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I need the following part of my vertex shader simplified.

 Sb=Sb|((gl_VertexID&(128+1))<<9);
 Sb=Sb|((gl_VertexID&(512+4))<<6);
 Sb=Sb|((gl_VertexID&(2048+16))<<3);
 Sb=Sb|(gl_VertexID&(8192+64));
 Sb=Sb|((gl_VertexID&(256+32768))>>3);
 Sb=Sb|((gl_VertexID&(1024+131072))>>6);
 Sb=Sb|((gl_VertexID&(4096+524288))>>9);
 Sb=Sb|((gl_VertexID&2)<<18);
 Sb=Sb|((gl_VertexID&8)<<15);
 Sb=Sb|((gl_VertexID&32)<<12);
 Sb=Sb|((gl_VertexID&16384)>>12);
 Sb=Sb|((gl_VertexID&65536)>>15);
 Sb=Sb|((gl_VertexID&262144)>>18);

I have considered using a lookup table in which case it would be at least 2 MB for the best case I can imagine.

What this code needs to do is to reference in to an array. From Sb I use the last 20 bits. the first 10 of them reference the row and the last 10 them the column. I need these to progress as if they were integral numbers counting up from zero, but read backwards.

The output would look like this:

0000000000 0000000000
1000000000 0000000000
0000000000 1000000000
1000000000 1000000000
0100000000 0000000000
1100000000 0000000000
0100000000 1000000000
1100000000 1000000000
0000000000 0100000000

Edit: Speed is key. This needs to happen very fast... ..but should not use up valuable memory.

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  • 3
    \$\begingroup\$ Can you give the question some more context. What are you trying to optimize ? what is this shader trying to do? IMO we can't answer the question in its current state. \$\endgroup\$ – concept3d Feb 16 '15 at 14:54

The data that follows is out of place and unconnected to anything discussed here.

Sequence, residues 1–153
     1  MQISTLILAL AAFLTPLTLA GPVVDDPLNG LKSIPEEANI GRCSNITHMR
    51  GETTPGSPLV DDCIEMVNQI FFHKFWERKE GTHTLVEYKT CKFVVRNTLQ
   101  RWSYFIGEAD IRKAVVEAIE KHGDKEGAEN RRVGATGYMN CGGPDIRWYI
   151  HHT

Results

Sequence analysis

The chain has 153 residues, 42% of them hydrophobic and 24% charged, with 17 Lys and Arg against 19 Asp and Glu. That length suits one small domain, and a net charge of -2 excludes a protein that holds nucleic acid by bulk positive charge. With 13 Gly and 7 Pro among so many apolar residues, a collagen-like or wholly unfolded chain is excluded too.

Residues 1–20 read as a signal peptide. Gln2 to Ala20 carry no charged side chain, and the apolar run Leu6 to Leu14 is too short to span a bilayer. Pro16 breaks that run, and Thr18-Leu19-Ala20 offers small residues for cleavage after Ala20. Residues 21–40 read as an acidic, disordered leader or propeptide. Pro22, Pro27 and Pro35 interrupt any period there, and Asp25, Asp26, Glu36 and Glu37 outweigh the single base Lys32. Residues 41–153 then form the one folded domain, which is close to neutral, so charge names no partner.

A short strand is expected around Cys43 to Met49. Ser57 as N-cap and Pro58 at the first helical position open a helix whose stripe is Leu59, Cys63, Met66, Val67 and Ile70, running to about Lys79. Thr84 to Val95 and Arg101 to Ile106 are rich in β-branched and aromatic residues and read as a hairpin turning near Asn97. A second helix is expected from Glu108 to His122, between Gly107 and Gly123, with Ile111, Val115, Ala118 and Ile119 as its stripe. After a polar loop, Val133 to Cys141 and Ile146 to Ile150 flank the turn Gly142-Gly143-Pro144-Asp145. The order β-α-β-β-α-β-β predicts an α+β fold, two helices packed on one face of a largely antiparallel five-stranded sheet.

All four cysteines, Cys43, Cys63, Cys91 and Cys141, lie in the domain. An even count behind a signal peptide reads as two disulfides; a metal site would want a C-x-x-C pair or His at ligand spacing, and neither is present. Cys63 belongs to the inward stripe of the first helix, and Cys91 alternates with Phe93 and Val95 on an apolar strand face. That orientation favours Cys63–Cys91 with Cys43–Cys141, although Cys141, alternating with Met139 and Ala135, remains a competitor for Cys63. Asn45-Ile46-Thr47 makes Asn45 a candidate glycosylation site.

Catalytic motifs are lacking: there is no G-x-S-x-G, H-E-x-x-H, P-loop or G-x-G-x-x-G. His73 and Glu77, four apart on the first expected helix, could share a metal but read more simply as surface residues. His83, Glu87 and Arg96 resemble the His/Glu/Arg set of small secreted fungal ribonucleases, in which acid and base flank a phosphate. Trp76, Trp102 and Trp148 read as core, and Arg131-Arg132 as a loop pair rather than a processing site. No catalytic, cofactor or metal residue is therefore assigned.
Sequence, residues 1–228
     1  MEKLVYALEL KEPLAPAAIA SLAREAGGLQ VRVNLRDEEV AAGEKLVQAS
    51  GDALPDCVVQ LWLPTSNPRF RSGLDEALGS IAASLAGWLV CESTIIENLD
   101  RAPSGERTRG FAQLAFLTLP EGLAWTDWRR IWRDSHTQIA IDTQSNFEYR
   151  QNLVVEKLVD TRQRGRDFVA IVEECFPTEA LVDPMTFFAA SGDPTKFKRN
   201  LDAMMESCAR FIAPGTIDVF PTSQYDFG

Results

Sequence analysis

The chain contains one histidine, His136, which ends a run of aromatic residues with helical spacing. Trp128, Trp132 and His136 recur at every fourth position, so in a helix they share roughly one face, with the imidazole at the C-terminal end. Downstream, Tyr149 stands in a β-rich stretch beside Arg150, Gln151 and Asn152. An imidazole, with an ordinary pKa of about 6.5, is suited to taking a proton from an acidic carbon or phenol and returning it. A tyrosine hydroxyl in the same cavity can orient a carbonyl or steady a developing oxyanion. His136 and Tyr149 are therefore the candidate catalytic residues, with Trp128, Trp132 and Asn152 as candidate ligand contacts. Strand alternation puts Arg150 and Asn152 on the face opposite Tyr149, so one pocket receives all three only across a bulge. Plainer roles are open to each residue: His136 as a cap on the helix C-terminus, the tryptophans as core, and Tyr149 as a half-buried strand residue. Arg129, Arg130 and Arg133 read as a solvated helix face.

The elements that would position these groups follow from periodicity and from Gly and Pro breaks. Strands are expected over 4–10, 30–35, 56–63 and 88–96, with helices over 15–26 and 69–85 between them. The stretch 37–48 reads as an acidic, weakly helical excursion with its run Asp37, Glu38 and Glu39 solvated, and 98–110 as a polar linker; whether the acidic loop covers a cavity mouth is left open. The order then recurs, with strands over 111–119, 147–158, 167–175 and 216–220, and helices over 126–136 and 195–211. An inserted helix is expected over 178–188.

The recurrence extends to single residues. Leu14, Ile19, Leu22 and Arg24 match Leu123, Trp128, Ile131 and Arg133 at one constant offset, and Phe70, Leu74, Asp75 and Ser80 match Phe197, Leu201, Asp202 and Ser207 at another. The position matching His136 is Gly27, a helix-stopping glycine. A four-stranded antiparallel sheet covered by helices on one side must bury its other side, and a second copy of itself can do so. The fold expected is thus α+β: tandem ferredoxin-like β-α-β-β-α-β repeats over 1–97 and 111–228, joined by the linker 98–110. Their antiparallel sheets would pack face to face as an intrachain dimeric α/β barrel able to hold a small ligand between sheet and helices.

• 4
    \$\begingroup\$ Holy moly... it is not every day you see a vertex shader doing something so bizarre. \$\endgroup\$ – Andon M. Coleman Feb 16 '15 at 17:03
  • \$\begingroup\$ I am using this for procedural rendering. Doing it like this means that the fragment shader of my program gets invoked at a more regular frequency . This is important because my fragment shader contains an atomic counter which means that each consecutive invocation may have to wait for the previous one to complete. Currently the fragment shader is no longer the bottleneck, but now the vertex shader is. \$\endgroup\$ – Andreas Feb 16 '15 at 19:09
  • \$\begingroup\$ Is a 2mb table kept as an integer texture be large at all? It does not sound too big. \$\endgroup\$ – EastOfEden Feb 17 '15 at 7:36
  • \$\begingroup\$ I meant storing it in the uniform buffer may not be possible, but storing it as an integer texture is what I ended up doing. This is still not ideal, because it uses a lot of bandwidth (more than a GigaTexel/s). Currently this is not a problem, but it may become a bottleneck later on. \$\endgroup\$ – Andreas Feb 17 '15 at 9:29
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You can use two small tables of 16 entries to lookup 4 bits at a time

const int table1[16] = {
    0x0,
    0x2,
    0x0,
    0x2,
    0x1,
    0x3,
    0x1, 
    0x3,
    0x0,
    ...
};

const int table2[16] = {
    0x0
    0x0
    0x2
    0x2
    0x0
    0x0
    0x2
    0x2
    0x1
    ...
};

x = table1[gl_VertexID & 0xf] << 8;
y = table2[gl_VertexID & 0xf] << 8;
x |= table1[(gl_VertexID >> 4) & 0xf] << 6;
y |= table2[(gl_VertexID >> 4) & 0xf] << 6;
x |= table1[(gl_VertexID >> 8) & 0xf] << 4;
y |= table2[(gl_VertexID >> 8) & 0xf] << 4;
// and so on

Sb = x + (y << 10);
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0
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So it turns out that, the solution is to use a TBO for storing the lookup table. The uniform buffer could be faster, but because the uniform buffer can not hold the entire lookup table the added computational cost of the necessary bitwise operations would diminish this advantage. Therefor to my knowledge this would be the fastest solution.

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